At Adventurers, we want our children to be able to go into the world, with the confidence needed to pursue their goals and the resilience needed>>Read More
3 Things to Help Your Child Be More Successful
At Adventurers, we want our children to be able to go into the world, with the confidence needed to pursue their goals and the resilience needed to persist until they succeed.
But… what can you do to help support your child at home to become as successful as possible?
1. Develop their language skills
Would you like to know the single biggest thing that you can do to improve your child’s future wealth and happiness? Well, read on…
From birth, a child’s heart and lungs function in the same was as they will for the rest of their lives. But the brain is different: its development depends on what it encounters after birth. Well – improve their language skills.
Research has found that it is incredibly important to start talking to and interacting with children as soon as they’re born. These differences appear early – as soon as nine months!
Research has found that children who have grown up in a rich language environment with lots of talk and interaction, have better vocabularies, become stronger readers and do better in school. Importantly, they also have better social skills and can regulate their own emotions, which means they are better able to achieve their potential.
While science tells us how important it is to interact with children, we often overestimate the amount that we speak. That’s why at Adventurers, we’re the only childcare centre in Australia to have partnered with LENA to provide professional development for our educators. That way, our educators (and you) know that they’re doing everything they can to make sure your child is ready to thrive.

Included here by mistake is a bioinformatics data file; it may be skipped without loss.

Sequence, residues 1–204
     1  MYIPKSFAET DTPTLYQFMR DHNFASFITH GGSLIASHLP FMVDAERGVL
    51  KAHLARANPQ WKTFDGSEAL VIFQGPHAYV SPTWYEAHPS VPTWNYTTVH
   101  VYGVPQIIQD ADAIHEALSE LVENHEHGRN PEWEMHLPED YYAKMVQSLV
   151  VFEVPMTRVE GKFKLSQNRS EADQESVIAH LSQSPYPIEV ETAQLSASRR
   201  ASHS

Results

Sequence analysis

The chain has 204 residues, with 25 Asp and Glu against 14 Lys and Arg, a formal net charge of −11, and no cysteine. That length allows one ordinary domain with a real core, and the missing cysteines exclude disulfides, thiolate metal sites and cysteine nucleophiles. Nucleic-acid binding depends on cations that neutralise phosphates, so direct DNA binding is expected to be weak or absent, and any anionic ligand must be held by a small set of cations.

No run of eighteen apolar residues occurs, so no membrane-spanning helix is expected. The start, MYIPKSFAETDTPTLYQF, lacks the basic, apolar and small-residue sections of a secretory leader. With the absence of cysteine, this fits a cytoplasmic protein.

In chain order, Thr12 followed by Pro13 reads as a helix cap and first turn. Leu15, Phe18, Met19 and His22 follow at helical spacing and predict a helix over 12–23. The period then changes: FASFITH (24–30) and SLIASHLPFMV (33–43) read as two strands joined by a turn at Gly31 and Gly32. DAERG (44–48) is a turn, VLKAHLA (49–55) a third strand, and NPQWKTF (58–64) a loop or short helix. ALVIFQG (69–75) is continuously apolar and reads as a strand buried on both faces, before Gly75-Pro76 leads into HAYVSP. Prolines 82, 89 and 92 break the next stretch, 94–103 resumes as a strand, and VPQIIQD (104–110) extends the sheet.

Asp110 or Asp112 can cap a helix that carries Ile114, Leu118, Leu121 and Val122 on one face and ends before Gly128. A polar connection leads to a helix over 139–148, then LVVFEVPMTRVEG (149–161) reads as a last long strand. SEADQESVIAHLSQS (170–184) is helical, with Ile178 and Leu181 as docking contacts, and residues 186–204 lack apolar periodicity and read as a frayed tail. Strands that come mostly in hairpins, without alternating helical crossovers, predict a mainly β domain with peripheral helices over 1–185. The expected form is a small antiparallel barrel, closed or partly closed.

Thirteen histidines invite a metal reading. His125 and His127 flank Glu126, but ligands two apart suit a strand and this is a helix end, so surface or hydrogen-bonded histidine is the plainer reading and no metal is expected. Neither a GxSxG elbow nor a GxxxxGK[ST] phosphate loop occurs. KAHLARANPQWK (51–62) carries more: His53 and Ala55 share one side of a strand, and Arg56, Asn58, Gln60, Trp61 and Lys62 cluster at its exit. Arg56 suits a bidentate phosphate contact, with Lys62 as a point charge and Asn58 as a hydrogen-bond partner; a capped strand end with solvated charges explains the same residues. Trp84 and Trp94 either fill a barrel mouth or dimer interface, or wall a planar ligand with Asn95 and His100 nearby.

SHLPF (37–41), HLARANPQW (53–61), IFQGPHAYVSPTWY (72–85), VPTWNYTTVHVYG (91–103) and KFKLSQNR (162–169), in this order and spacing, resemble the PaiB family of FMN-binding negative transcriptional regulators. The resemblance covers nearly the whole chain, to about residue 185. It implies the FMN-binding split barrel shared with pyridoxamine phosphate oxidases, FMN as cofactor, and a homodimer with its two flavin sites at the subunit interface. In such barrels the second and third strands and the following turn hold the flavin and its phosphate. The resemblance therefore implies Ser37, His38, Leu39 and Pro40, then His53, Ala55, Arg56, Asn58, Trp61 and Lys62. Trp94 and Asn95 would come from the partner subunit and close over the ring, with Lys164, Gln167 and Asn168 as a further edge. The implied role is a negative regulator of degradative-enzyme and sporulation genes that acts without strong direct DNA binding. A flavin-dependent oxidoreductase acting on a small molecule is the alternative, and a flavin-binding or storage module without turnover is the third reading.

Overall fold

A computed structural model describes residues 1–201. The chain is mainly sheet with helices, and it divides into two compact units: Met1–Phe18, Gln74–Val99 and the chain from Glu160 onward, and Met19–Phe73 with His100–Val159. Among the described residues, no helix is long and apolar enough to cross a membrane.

2. Praise correctly
Everyone likes positive encouragement, but Stanford researcher Carol Dweck has found that there are two main ways parents praise, and these impact the mindset that children have. One is where we praise their abilities, and the other is where we praise the effort that a child puts into a task. For example:
- Innate ability (fixed mindset): You did a great job! You are SO smart!
- Ability (growth mindset): Great job! You must have worked so hard to figure that out!
Carol Dweck has found that praising for ability has a much more positive impact on how children perceive themselves and abilities. When children are praised for their ability, they see difficult tasks as challenges that can be overcome by doing things that are within your control. Like learning more or trying harder.
However, when children are praised for their innate ability, it leads more to a desire to looks smart. They see intelligence as something that you either have or you don’t. This has the unfortunate effect of inadvertently encouraging children to avoid challenges (because if you can’t do something, then you’re not smart) and see effort as fruitless (either you can do something, or you can’t).
Children who were praised for their innate ability tended to reach higher levels of achievement whereas children who were praised for their innate ability tended to plateau early and achieve less than their full potential.
For more strategies on how to praise, have a look at our post: showing kids praise and appreciation.
3. Teach your child to manage their emotions
The ability to manage our emotions helps children develop and navigate friendships, resolve conflict and work with peers. In turn, this helps children be more successful and also be happier, thanks to having strong social connections.
Research on emotional intelligence by John Gottman demonstrates that children who can manage their emotions can sooth themselves when they are upset. This in turn means that those children experience negative emotions for shorter periods.
Research has found that emotional intelligence stems from the parent-child bond. It’s important for parents to and caregivers to pay close attention and respond to the emotions expressed by their children. Parents can also:
- Model emotional self-regulation for their own children
- Show empathy for their children
- Explain to your child that all feelings are acceptable, but not all behaviours (for example, you can feel angry at someone, but it’s not acceptable to hit them)
- Coach children about their emotions
Last, don’t forget to be patient and have fun – parenting is a marathon not a sprint, and it’s a journey you want to enjoy!